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What is Your Life?

In the Scriptures there is one poignant question that has been jumping out at me lately and it is found in James 4:14 where it says “What is your life?” It seems rather a difficult question to answer due to its scope. Added to the complexity, is this question is deeply personal and the answer would vary from person to person depending on their background, present situation and circumstance. But really, have you considered lately what is your life?

I suppose the reason why this question, raised by the text in James, has been rattling in my head recently, is due to the fact that a very dear family friend passed on into glory, and thinking about his life, there was a distinct and defining mark. The answer to the question was abundantly clear, he knew it about himself and so did everyone else.

Unfortunately a great many of us do not have such clarity. We either define our lives by temporal terms, such as what our occupation is or our role in the family. People define themselves by their past or by some hurt or emotional injury that occurred in a moment in their life. Others define their life by their successes or accolades. Whatever it is, is the definition you believe really who you are, and is it eternal?

The Bible, particularly the New Testament, identifies people in two categories: sheep or goats, dead or alive, in the Spirit or in the flesh. However there is one identifying phrase that stands out above all others and it is used primarily by the Apostle Paul; it is the expression “In Christ”. People are either in Christ or they stand outside of Christ, and before someone will balk at the exclusivity of such a statement, I again ask, is the definition of your life truly the totality of your person and is it an everlasting definition?

For the Christian, it is Christ that defines their life. When someone enters into a relationship with Christ by faith, they are no longer defined by this world, their successes or even their past. When the world would try to inject racism into the dialogue between African Americans and Caucasians, in Christ there is no such thing as black or white. I have many African American brothers in the Lord and when we are together we don’t see the color of our skin, we see Christ in us. The same can be said of anyone, divorcee, recovering addict, successful entrepreneur, if they are in Christ, it is Jesus that provides the definition to their life. Why is this important? It is important because we do not define ourselves accurately. Our perception of ourselves is either overtly prideful or hopelessly jaded.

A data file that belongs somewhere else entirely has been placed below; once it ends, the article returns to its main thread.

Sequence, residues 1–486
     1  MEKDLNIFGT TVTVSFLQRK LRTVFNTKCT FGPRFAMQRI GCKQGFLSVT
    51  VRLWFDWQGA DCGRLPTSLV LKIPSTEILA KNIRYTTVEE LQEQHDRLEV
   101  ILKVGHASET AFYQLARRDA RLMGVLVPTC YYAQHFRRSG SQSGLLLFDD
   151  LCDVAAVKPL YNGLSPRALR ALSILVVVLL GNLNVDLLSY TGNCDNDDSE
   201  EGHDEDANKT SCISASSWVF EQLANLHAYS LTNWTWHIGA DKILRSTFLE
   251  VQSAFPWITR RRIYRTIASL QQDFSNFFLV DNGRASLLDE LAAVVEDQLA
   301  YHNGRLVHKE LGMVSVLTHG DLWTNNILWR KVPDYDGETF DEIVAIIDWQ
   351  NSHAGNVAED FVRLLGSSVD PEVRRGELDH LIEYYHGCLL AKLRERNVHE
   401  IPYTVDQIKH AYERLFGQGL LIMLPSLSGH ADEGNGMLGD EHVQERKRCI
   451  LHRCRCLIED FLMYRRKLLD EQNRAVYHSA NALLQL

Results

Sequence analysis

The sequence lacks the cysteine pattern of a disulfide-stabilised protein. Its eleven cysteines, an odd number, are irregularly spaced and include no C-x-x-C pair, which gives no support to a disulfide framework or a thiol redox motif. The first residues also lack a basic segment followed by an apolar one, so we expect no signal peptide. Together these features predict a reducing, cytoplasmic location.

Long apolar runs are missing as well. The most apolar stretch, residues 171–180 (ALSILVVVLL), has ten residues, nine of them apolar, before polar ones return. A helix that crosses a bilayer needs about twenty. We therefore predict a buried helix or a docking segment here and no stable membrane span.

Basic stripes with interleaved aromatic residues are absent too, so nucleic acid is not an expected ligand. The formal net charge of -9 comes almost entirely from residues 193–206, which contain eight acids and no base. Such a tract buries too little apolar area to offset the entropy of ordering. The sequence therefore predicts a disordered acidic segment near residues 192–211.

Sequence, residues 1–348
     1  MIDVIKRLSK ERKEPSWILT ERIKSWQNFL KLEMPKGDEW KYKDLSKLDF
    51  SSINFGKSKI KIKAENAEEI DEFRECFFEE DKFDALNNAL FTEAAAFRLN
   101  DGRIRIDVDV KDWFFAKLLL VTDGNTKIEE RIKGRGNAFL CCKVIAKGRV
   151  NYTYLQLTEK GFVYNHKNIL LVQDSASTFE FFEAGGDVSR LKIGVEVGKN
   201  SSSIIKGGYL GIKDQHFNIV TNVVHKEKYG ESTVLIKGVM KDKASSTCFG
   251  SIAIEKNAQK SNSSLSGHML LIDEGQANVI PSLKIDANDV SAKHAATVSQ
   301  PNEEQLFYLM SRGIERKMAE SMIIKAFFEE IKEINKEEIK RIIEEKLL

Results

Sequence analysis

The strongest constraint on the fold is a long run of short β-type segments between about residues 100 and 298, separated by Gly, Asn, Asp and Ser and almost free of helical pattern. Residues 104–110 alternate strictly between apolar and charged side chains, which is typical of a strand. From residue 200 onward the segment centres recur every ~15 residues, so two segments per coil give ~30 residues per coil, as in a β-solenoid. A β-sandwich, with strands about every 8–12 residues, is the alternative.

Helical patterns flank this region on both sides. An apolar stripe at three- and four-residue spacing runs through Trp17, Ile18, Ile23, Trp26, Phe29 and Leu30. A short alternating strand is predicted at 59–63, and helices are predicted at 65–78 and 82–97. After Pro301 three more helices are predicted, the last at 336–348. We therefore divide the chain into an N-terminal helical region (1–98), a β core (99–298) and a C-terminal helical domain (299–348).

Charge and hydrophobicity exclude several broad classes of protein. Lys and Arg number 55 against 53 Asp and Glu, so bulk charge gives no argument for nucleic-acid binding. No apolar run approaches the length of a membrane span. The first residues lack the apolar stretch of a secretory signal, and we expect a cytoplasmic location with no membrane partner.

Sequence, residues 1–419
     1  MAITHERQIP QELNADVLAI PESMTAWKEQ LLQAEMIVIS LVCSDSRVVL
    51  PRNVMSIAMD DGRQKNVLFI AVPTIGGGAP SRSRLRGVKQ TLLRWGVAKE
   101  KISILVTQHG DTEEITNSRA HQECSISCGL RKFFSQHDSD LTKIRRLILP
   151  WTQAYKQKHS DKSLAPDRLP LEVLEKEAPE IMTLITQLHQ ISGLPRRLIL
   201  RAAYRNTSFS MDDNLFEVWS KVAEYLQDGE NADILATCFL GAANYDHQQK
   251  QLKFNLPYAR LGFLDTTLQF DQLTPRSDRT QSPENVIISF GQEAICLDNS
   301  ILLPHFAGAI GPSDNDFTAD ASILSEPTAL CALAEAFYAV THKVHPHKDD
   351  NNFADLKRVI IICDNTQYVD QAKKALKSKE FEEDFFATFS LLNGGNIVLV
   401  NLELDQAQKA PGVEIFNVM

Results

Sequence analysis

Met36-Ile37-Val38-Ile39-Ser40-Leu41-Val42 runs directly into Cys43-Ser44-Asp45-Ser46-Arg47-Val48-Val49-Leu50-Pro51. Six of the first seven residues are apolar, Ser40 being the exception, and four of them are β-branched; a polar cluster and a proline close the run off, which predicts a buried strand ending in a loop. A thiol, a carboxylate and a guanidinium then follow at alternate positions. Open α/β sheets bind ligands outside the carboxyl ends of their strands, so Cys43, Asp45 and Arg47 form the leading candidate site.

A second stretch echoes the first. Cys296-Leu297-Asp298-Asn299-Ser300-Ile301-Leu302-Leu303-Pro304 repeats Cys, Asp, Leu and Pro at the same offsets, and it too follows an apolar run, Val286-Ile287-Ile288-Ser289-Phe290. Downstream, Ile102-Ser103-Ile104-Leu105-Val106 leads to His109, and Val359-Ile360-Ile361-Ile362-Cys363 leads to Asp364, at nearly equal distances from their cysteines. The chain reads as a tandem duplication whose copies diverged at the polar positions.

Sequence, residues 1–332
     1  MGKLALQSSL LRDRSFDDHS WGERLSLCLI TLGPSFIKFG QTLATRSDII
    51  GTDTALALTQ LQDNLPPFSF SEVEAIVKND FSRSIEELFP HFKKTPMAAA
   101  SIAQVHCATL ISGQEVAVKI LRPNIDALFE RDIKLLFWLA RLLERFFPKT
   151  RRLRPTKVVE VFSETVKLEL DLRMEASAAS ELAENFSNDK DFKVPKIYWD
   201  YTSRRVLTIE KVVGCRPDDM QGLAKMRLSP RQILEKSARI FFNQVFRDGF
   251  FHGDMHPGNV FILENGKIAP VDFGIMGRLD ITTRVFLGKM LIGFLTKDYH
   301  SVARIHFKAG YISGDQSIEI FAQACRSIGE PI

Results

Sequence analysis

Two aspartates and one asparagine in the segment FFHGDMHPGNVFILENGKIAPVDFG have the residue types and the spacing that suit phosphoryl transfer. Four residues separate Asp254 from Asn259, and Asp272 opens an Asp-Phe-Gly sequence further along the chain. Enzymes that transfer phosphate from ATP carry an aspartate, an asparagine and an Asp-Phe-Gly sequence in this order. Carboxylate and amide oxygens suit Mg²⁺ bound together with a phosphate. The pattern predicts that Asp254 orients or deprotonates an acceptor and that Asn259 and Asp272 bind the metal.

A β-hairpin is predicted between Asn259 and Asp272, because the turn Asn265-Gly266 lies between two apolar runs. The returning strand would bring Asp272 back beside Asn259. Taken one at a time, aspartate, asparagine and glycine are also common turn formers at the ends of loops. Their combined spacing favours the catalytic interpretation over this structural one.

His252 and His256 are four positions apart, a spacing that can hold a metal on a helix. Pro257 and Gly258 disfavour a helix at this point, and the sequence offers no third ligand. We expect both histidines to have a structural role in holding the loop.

Part of my responsibility as pastor is to remind people of who they are. More specifically to show (as best as I can) the glory therein of having Christ define your life. “Christ in you, the hope of glory” (Col. 1:27), the Apostle Paul says is the great mystery and the primary definition of a Christian. Yet what does this mean? Truthfully, it is such a weighty reality that to try to sum it up in such a short column wouldn’t nearly give the attention it deserves. However, it means that an individual who is in Christ is different, changed, possesses a value not in and of themselves but of Christ who is invaluable. It is a hopeful existence and in addition a liberating one, because of the power of that union with Christ frees you from the baggage of the past.

So we go back to the question, “What is your life?” To our family friend who passed on, the answer was clear: His life was Christ. For some reading this, it is true that you perhaps have more yesterdays than tomorrows, so what is your life? Is it identified by some temporary definitions that are here today and gone within the next, or is it distinctly marked with eternity’s values in view? As C.T. Studd once said “we only have one life, ‘twill soon be past, only what’s done for Christ will last.” Our lives are but a vapor, a “mist that appears for a little time and then vanishes” (James 4:14), so while you are here and when the curtain closes on your life, what is going to be that distinguishing quality? If it not be something eternal, more specifically Christ, then it is not worth living for.

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